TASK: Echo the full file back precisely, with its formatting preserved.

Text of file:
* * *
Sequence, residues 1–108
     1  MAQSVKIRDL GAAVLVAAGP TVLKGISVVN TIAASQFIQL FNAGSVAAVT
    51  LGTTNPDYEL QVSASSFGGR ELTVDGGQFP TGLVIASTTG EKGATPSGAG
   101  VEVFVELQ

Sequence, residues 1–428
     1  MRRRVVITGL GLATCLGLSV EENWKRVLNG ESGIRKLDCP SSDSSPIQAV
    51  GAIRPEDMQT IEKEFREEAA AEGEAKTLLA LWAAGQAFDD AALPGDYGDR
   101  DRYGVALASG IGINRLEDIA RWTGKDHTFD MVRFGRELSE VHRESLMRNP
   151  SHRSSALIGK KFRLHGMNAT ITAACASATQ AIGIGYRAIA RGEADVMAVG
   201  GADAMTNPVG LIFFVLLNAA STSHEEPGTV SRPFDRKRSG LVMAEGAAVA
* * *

Sequence, residues 1–108
     1  MAQSVKIRDL GAAVLVAAGP TVLKGISVVN TIAASQFIQL FNAGSVAAVT
    51  LGTTNPDYEL QVSASSFGGR ELTVDGGQFP TGLVIASTTG EKGATPSGAG
   101  VEVFVELQ

Sequence, residues 1–428
     1  MRRRVVITGL GLATCLGLSV EENWKRVLNG ESGIRKLDCP SSDSSPIQAV
    51  GAIRPEDMQT IEKEFREEAA AEGEAKTLLA LWAAGQAFDD AALPGDYGDR
   101  DRYGVALASG IGINRLEDIA RWTGKDHTFD MVRFGRELSE VHRESLMRNP
   151  SHRSSALIGK KFRLHGMNAT ITAACASATQ AIGIGYRAIA RGEADVMAVG
   201  GADAMTNPVG LIFFVLLNAA STSHEEPGTV SRPFDRKRSG LVMAEGAAVA